PM Zenawi's party set for landslide victory in elections

4 min

Ethiopia's ruling EPRDF party, led by PM Meles Zenawi (pictured), is set for a convincing victory following largely peaceful national elections over the weekend, according to preliminary results released on Monday.

REUTERS - Ethiopian Prime Minister Meles Zenawi's ruling party is set for a landslide victory in a national election fought amid opposition accusations the government had stifled dissent.
Provisional results released by Ethiopia's electoral board showed on Monday that the Ethiopian People's Revolutionary Democratic Front (EPRDF) and allies won an overwhelming number of votes in nine out of 11 regions and cities to declare so far.
"Definitely, at this point the EPRDF has won, definitely," Merga Bekana, chairman of the Ethiopian National Electoral Board (NEBE), told reporters.
Some analysts said a convincing win would give the former rebel leader the chance to accelerate development in Washington's main regional ally and improve its democratic record before Meles quits as planned in 2015.
"It is essential that both supporters and opponents of the EPRDF take advantage of this situation in a constructive way to ensure that democracy makes serious progress in Ethiopia," said David Shinn, a former U.S. ambassador to Ethiopia.
"If that happens, it could be the EPRDF's most important legacy. If it fails, it may relegate the EPRDF to the dustbin of history," he told Reuters.
But the extent of the provisional victory left some Ethiopians worried about how the opposition might react.
Some opposition leaders began complaining the election was flawed before polling booths closed, saying the EPRDF had routinely intimated and harassed critics in the days and months ahead of the election.
A 2005 poll descended into riots that killed 193 protesters and seven policemen when a different opposition coalition said it was cheated of victory after a campaign which captured the imagination of many Ethiopians.
Analysts said if the poll were given a clean bill of health by European Union observers on Tuesday morning there would be little momentum for critics to mount a convincing challenge.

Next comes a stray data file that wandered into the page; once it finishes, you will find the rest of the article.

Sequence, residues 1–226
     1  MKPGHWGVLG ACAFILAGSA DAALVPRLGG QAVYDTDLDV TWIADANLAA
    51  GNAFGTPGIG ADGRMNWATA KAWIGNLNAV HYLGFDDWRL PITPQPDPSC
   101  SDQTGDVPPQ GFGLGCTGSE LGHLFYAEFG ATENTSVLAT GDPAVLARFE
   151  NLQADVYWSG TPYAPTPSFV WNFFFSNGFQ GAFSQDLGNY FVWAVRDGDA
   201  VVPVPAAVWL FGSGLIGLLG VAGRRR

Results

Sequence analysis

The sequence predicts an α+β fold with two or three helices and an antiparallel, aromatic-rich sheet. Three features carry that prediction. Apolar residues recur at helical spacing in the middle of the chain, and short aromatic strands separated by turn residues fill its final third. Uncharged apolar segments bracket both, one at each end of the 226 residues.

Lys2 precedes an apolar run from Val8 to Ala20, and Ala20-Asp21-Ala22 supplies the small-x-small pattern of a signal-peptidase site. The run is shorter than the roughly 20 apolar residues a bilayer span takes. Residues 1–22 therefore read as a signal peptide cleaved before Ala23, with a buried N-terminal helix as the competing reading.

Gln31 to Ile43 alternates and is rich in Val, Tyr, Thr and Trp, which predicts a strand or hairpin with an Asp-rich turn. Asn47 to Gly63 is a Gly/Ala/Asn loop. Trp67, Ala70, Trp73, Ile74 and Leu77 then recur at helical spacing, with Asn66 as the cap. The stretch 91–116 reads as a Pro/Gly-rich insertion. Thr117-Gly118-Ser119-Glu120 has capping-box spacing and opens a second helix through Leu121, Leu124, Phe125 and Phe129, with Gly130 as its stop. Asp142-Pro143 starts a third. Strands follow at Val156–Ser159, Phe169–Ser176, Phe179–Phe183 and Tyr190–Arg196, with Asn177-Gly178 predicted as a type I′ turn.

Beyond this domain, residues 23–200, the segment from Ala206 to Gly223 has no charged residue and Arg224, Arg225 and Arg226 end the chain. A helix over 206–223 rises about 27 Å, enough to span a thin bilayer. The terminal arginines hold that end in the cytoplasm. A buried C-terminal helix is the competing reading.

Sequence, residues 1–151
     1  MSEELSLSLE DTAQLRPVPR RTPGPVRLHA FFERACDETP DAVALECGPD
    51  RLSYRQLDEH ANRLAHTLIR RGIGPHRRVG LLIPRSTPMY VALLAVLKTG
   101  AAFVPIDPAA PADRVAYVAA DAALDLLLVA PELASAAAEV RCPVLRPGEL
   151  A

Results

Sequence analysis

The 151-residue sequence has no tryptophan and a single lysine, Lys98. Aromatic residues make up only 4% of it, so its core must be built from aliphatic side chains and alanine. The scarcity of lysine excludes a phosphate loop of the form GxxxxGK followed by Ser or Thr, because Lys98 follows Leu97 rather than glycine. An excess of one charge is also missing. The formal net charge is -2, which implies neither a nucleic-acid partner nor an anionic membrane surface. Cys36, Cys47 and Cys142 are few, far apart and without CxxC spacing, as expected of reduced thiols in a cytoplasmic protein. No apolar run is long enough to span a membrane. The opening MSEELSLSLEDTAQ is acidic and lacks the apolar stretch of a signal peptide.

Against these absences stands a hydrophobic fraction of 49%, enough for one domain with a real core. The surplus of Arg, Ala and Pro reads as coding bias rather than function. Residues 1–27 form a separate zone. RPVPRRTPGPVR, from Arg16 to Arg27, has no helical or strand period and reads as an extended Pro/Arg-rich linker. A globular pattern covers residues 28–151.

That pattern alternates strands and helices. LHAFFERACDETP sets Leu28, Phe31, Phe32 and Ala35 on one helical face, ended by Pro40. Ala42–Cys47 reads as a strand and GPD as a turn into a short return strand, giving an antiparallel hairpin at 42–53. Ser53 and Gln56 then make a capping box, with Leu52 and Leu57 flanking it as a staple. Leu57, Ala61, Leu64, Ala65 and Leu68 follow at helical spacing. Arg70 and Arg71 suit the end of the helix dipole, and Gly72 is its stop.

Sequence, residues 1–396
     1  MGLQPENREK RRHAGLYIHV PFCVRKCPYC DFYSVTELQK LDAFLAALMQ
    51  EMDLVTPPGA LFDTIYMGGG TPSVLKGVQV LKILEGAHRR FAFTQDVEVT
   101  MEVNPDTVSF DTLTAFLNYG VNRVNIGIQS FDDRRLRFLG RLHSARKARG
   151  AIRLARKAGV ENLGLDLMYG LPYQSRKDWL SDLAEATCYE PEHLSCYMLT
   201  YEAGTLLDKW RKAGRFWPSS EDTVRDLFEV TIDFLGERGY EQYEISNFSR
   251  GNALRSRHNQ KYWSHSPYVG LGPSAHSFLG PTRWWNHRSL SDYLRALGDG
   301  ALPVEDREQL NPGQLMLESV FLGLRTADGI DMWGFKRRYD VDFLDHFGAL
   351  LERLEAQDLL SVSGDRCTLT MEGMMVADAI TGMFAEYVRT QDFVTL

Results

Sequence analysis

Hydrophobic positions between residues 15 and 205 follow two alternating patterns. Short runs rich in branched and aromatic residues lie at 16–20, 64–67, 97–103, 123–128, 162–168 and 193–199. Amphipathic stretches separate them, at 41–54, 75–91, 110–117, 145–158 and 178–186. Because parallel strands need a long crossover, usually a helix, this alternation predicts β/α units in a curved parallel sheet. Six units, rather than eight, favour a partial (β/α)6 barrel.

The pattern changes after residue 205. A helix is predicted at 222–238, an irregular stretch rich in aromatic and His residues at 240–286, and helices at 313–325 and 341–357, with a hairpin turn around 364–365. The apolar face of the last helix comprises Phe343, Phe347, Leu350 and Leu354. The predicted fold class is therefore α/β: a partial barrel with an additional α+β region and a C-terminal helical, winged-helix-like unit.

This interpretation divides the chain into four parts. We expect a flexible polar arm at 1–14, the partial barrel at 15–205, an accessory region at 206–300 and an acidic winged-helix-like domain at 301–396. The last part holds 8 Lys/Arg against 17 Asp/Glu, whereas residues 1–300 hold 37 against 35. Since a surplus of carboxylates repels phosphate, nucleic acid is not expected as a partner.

Opposition crushed
If the EU said the poll was flawed, however, it might embolden the opposition to challenge the result and take to the streets in protest as they did in 2005.
The government has warned that any politicians who attempt to spark post-election violence will be held responsible. Top opposition leaders were jailed en masse after the 2005 chaos.
The EPRDF crushed an eight-party opposition coalition known as Medrek in Oromia, the country's most populous region and traditionally a stronghold for opponents. The electoral board said the EPRDF had 3,927,673 votes and Medrek just 117,790.
Medrek did better in the capital Addis Ababa in terms of votes, but the electoral board said it was likely to win only one seat out of 21, with two more left to declare. In 2005, the opposition swept the board in Addis and other cities.
The board said the results were from about 75 percent of the country's 43,500 polling stations, although the number of votes declared appeared somewhat low given 32 million people had registered to vote and the turnout was said to be high.
Meles told Reuters in an interview on Sunday his party would win as it had presided over seven years of double-digit growth and had begun to reform the political and judicial landscape.
While nearly 10 percent of the population relied on emergency food aid last year, the government has invested heavily in infrastructure and Meles now wants to step up power production, improve telecommunications and develop industry.
European Union election observers said on Sunday the poll was peaceful and calm, albeit with some claims of irregularities that needed to be checked.
New York-based Human Rights Watch said on Monday that international observers should condemn voter intimidation, drawing a sharp response from the government.
"Human Rights Watch and other so-called human rights organisations are instruments by which powerful ideologies are imposed on independent states who resist them," government spokesman Shimeles Kemal told Reuters.


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